By Ray Yungen
(Author of A Time of Departing)
Evangelical scholar David L. Smith correctly assessed the powerful, yet subtle, impact New Age spirituality is having on society when he made the following observations:
Not since Gnosticism at the dawn of the Christian era has there arisen a philosophy as pervasive and threatening to orthodox Christianity as the New Age movement . . . It would be difficult to find any area of life, which has not been touched or redirected to some degree by the concepts of this movement.1
Smith recognizes that, rather than just a small segment, the overall social fabric of society is being impacted. This movement has clearly evolved well past the subculture stage into something much more dynamic and sophisticated. This stunning change has been brought about by the rise of a new breed of mystic—one that presents mysticism as a complement to secular goals and one that is adept at easing the public’s natural impulse to reject the strange and unfamiliar. Some examples of this are:
A prominent, influential speaker and seminar leader, Brian Tracy, promotes the use of the “superconscious mind” (i.e., the higher self), “to improve productivity, performance and output” in the corporate world.2
An article in one major Pacific Northwest newspaper features a large color picture of a local university professor in a classic Zen Buddhist meditation pose. He has not joined the Buddhist religion but is trying to reverse his heart condition through Eastern meditation.3
A popular morning talk show entices viewers with the promise of “how to get along with your spouse.” The show then features popular New Age author Wayne Dyer exhorting viewers to “go into the silence for guidance” when they get angry with their mate[s].4
These are just a few examples of what could be called secular mysticism or generic mysticism, meditation practiced not for religious reasons but as a tool to improve life. Many Christians have a difficult time comprehending this concept. They have been trained to think in terms of cults such as the Mormons (Church of Jesus Christ of Latter Day Saints) or the Watchtower Society (Jehovah’s Witnesses). But these groups are rather limited in their impact because, even if they become sizable, they remain only isolated islands in society. The advantage practical mystics have is that they only have to piggyback a seemingly benevolent meditation method onto whatever programs they are promoting—in other words, they do not have to proselytize people to a dogma, only a practice.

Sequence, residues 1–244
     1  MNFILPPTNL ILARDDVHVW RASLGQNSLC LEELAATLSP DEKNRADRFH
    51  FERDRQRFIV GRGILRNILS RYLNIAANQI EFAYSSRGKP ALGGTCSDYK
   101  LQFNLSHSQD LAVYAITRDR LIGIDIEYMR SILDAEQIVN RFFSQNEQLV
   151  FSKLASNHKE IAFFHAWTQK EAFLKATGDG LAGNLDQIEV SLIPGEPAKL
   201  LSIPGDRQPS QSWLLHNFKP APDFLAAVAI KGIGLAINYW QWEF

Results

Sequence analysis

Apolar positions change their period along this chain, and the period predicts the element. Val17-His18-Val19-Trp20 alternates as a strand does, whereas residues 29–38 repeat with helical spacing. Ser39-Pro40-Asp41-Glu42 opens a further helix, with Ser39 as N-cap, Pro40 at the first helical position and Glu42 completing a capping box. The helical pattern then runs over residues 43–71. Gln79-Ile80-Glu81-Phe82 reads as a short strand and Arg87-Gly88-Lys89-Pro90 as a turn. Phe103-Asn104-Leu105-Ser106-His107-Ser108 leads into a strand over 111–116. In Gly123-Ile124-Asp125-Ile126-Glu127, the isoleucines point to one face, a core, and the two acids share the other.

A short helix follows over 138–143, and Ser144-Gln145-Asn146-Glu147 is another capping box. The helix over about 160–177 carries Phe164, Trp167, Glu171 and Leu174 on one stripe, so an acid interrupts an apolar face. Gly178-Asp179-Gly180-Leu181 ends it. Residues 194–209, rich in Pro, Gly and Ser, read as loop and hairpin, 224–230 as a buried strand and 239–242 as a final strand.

New Age publisher Jeremy Tarcher spoke of this challenge in an interview. Speaking of practical mystics he explained: “They have to learn to present their perceptions in appropriate language and actions that don’t arouse fear or resistance.”5
Because of their success at this effort, one writer declared that interest in meditation was currently exploding. This explosion in Western culture is unprecedented and very real.
In the West, mysticism had always been restricted to a tiny fraction of the population (i.e., shamans, esoteric brotherhoods, and small spiritually elite groups). Never before has there been a widespread teaching of these methods to everyone. Now, mysticism pervades the Western world. How did this happen?
The first such book to reach a broad audience was Creative Visualization by Shakti Gawain. This book could rightfully be called a practical mystic’s bible. Many people can trace their first involvement in metaphysics to this book. Since its publication in 1978, it has sold millions of copies and has influenced the fields of psychology, health, business, and athletics.6
The book became so popular because it addresses such topics as creativity, career goals, relationships, better health, and simple relaxation and peacefulness. Who wouldn’t want to have all this, especially if all it takes is engaging in a simple practice?
Gawain spells out very clearly what that practice entails. She teaches her readers:
Almost any form of meditation will eventually take you to an experience of yourself as source, or your higher self . . . Eventually you will start experiencing certain moments during your meditation when there is a sort of “click” in your consciousness and you feel like things are really working; you may even experience a lot of energy flowing through you or a warm radiant glow in your body. These are signs that you are beginning to channel the energy of your higher self.7
There had been books like hers before, but those appealed to people already in the New Age subculture. This wasn’t true of Creative Visualization. This book had just the right secular slant on something inherently spiritual. Gawain believed that one could stay a Jew, Catholic, or Protestant and still practice the teachings of the book. All you were doing was developing yourself, not changing your religion.